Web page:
In 1927, the defence and engineering businesses were merged with those of Vickers to create a subsidiary company known as Vickers-Armstrongs. Vickers would be the major partner in the new company with two thirds of the shares (worth £8.5M); Armstrong Whitworth received one third of the shares (worth £4.5M). The company sold the Development Co, including the aircraft and motors businesses, to J. D. Siddeley who renamed it Armstrong Siddeley Development Co. Armstrong Whitworth retained a substantial shareholding.
1927 Sir William Armstrong, Whitworth and Co retained its interests in Pearson and Knowles Coal and Iron Co and Partington Steel and Iron Co after the merger of other parts of the company with Vickers.
1927 See Aberconway for information on the company and its history.
1927 Also see Aberconway for information on the company and its history.
1929 Heavy losses, partly offset by substantial profit on sale of shares in Armstrong Siddeley Development Co; capital reduction. Two private companies were formed: Sir W G Armstrong Whitworth and Company (Engineers) Ltd, and Sir W. G. Armstrong Whitworth and Company (Shipbuilders) Ltd; the former took over the general engineering businesses at Scotswood and Gateshead; the latter took over the the Devon, Walker and Tyne Iron shipyards. The holding company was renamed Armstrong Whitworth Securities Company Ltd.
1930 Sir W. G. Armstrong Whitworth and Co. (Ironfounders) Ltd. was incorporated as a private company.
1930 'The historical armament works of Armatrong-Whitworths at Openshaw, which now form part of the English Steel Corporation's property, are in process of being adapted to commercial products and a considerable number of men are already finding employment in the various departments. A few days ago I had an opportunity of visiting these works, and was agreeably surprised at the amount and variety of the work in hand. One of the most important orders was a 2300 horse-power electrically operated geared winding plant for a mine in Rhodesia, which was approaching completion. This, I was informed, is to be followed by two larger plants of 3500 horse-power. On the firm's books is also an order for a 25,000 horse-power water turbine for New Zealand - the fourth for the same owners. Another department of the works is fairly well employed on pumps, one of which is a 500 horse-power steam hydraulic set for a steel works. In this connection it may be mentioned that the English Steel Corporation owns the manufacturing rights for the Boving pump, and also makes the Gill pump. The small tools department, which was once a very important section of the Openshaw Works, has recently been reorganised and additions have been made to the plant to bring it up to date. Other orders which were to be seen in progress were large six-throw crank shafts for marine oil engines, swaging machinery, the heavier portions of glass-making machinery, and pressings for motor car brake drums.'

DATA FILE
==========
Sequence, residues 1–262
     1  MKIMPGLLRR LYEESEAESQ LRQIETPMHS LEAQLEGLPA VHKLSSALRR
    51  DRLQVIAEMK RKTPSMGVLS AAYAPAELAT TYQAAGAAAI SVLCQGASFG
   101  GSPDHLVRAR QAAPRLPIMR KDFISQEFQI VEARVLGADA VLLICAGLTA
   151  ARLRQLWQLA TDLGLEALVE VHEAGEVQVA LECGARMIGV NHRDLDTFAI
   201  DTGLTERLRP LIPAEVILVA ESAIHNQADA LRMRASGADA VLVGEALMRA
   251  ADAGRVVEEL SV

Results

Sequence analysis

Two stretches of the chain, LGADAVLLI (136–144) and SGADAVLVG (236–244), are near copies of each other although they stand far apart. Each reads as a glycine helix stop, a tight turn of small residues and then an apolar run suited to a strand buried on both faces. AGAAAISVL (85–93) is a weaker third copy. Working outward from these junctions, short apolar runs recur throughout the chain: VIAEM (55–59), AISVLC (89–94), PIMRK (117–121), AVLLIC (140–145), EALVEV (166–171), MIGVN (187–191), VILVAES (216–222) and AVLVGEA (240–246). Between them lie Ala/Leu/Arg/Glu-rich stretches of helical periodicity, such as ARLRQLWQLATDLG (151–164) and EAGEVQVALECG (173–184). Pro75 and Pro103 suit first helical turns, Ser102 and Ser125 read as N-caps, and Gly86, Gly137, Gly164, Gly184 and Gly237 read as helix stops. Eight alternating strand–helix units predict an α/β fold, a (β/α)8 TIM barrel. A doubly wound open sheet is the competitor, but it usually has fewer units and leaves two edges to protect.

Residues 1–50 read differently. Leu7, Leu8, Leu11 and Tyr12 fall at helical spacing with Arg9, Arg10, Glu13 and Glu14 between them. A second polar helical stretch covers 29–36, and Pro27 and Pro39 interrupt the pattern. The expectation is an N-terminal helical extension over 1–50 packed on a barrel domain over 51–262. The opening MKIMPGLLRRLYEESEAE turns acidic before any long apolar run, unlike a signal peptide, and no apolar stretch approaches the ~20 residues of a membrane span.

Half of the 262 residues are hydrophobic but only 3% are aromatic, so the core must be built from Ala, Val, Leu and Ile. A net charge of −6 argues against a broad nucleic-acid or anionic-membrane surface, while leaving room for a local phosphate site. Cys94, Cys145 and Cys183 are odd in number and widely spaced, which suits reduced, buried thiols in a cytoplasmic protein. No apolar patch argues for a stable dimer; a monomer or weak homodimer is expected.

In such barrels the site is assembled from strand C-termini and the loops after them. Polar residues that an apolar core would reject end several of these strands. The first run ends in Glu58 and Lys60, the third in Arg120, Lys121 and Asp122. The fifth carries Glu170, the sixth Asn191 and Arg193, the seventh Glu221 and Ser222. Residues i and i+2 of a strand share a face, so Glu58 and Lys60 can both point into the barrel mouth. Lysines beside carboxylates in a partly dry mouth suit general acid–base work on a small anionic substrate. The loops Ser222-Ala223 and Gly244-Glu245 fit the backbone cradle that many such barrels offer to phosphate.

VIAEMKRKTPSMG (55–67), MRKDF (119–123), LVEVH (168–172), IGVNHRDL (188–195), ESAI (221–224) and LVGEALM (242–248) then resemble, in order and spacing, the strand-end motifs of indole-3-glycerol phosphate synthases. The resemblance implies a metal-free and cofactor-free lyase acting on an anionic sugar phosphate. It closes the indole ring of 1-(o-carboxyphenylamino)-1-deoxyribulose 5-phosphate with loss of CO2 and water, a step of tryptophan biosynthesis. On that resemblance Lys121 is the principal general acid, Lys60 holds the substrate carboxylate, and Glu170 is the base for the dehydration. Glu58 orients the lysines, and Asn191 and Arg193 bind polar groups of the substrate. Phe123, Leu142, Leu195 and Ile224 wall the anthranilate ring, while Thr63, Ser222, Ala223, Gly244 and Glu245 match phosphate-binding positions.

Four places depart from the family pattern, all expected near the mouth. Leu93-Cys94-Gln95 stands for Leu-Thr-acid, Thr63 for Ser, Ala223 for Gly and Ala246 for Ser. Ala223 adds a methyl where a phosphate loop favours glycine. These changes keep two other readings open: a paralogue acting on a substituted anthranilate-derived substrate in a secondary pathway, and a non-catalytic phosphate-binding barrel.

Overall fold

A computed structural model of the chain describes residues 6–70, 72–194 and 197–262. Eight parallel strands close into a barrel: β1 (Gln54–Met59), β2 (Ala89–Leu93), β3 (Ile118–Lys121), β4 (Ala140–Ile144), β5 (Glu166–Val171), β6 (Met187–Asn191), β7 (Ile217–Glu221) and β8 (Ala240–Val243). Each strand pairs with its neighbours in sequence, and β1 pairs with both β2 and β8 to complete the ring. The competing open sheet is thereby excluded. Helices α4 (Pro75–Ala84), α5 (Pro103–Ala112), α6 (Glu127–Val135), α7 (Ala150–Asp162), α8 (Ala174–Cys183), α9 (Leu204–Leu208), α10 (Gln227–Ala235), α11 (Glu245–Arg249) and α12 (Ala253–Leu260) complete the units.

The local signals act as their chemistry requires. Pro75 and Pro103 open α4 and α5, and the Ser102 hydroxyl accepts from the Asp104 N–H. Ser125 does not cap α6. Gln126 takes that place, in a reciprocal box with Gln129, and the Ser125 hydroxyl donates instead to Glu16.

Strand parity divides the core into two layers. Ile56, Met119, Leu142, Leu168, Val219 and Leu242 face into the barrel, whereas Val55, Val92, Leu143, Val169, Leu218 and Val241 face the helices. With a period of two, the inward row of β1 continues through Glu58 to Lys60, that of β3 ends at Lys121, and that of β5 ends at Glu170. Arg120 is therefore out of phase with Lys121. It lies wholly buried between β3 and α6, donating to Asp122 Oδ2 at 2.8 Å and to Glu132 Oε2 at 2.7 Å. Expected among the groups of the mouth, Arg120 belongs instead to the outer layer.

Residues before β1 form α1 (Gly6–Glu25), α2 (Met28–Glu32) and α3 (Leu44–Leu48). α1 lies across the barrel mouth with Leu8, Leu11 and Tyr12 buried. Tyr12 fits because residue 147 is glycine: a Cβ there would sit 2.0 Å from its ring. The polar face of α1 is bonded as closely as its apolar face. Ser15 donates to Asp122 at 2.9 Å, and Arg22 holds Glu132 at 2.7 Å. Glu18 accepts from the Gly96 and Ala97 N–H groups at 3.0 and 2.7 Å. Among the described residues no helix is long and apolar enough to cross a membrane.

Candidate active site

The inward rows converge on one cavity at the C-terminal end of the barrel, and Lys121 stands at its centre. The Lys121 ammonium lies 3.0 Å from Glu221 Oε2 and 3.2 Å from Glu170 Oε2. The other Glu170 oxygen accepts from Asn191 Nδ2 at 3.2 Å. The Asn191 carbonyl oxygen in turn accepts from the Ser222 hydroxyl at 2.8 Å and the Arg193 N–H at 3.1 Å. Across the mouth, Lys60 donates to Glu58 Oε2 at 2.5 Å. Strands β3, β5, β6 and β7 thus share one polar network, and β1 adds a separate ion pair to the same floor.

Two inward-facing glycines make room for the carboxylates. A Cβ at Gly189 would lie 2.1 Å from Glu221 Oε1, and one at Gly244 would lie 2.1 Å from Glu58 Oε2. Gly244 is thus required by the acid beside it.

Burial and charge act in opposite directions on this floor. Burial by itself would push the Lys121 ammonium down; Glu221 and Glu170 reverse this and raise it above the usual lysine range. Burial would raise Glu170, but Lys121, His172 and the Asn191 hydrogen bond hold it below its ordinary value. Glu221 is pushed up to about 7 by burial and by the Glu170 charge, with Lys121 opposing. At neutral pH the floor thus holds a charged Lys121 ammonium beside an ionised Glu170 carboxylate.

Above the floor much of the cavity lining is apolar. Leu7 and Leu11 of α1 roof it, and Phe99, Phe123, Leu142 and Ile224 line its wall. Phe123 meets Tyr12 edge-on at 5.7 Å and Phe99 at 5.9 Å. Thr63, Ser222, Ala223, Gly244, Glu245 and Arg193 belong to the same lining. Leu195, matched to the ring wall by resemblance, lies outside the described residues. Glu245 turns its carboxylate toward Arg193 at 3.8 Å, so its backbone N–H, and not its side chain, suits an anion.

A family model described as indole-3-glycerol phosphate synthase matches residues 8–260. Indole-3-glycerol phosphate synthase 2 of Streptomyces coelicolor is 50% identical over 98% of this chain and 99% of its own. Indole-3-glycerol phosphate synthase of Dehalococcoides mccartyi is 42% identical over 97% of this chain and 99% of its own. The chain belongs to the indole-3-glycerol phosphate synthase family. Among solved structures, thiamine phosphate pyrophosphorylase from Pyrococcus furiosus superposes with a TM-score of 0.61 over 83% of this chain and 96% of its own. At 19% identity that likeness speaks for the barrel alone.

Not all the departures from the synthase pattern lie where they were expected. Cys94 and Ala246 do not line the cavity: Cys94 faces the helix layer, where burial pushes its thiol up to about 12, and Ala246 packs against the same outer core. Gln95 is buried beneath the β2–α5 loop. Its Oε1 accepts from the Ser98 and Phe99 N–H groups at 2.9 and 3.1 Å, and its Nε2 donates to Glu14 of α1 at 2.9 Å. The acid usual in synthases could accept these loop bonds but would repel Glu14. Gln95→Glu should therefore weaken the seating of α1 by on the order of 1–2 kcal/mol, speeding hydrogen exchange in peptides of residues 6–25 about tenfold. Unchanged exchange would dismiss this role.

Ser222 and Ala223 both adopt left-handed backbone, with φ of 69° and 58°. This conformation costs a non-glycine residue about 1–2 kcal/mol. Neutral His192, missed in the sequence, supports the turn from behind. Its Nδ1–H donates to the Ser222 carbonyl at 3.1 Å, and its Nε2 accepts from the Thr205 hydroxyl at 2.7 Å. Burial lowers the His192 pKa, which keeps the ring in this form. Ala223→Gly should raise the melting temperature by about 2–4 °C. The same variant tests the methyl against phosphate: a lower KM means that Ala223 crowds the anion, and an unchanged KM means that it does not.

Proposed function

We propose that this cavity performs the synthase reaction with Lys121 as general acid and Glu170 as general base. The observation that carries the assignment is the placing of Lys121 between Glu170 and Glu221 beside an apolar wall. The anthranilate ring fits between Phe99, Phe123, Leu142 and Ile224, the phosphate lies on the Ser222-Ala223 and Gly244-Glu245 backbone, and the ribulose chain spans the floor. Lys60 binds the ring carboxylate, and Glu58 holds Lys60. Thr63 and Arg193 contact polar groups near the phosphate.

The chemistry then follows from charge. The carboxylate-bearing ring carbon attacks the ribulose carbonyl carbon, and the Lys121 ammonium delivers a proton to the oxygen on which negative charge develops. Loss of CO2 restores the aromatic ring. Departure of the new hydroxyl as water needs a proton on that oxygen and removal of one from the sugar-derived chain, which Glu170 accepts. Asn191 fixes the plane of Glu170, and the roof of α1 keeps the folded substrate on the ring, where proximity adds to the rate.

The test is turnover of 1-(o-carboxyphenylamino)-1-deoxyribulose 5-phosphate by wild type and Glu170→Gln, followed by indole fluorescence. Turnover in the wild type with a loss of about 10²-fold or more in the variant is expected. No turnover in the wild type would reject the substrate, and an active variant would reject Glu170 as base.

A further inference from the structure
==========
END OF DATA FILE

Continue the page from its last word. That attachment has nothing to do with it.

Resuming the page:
1933 Constructors of all-steel aircraft. Head Office and Works: Whitley, near Coventry. Works: London Office: 10 Old Bond Street, London W.1.
1933 Reserve Flying School, operated a school of flying for officers of the R.A.F. Reserve.
1934 The activities of the Armstrong Whitworth group were General Engineers, Shipbuilders and Iron-founders, with particular interests in the development of transport by rail, sea and road. The parent or holding company was Armstrong Whitworth Securities Company Ltd. The principal operating companies were:
1937 Sir John Jarvis acquired the whole of the share capital of the Sir W. G. Armstrong Whitworth and Co. (Ironfounders) Ltd, and that of Jarrow Metal Industries, in order to relieve unemployment on Tyneside.
1943 Since the sale of the Scotswood plant in 1937, the board had been planning on an orderly wind-down of Armstrong Whitworth Securities Company Ltd; they had realised the holding in Partington Steel and Iron Co; the final assets to be sold were Sir W. G. Armstrong Whitworth and Co (Engineers) Ltd and the rights to the Kadenacy process, so the holding company was then liquidated .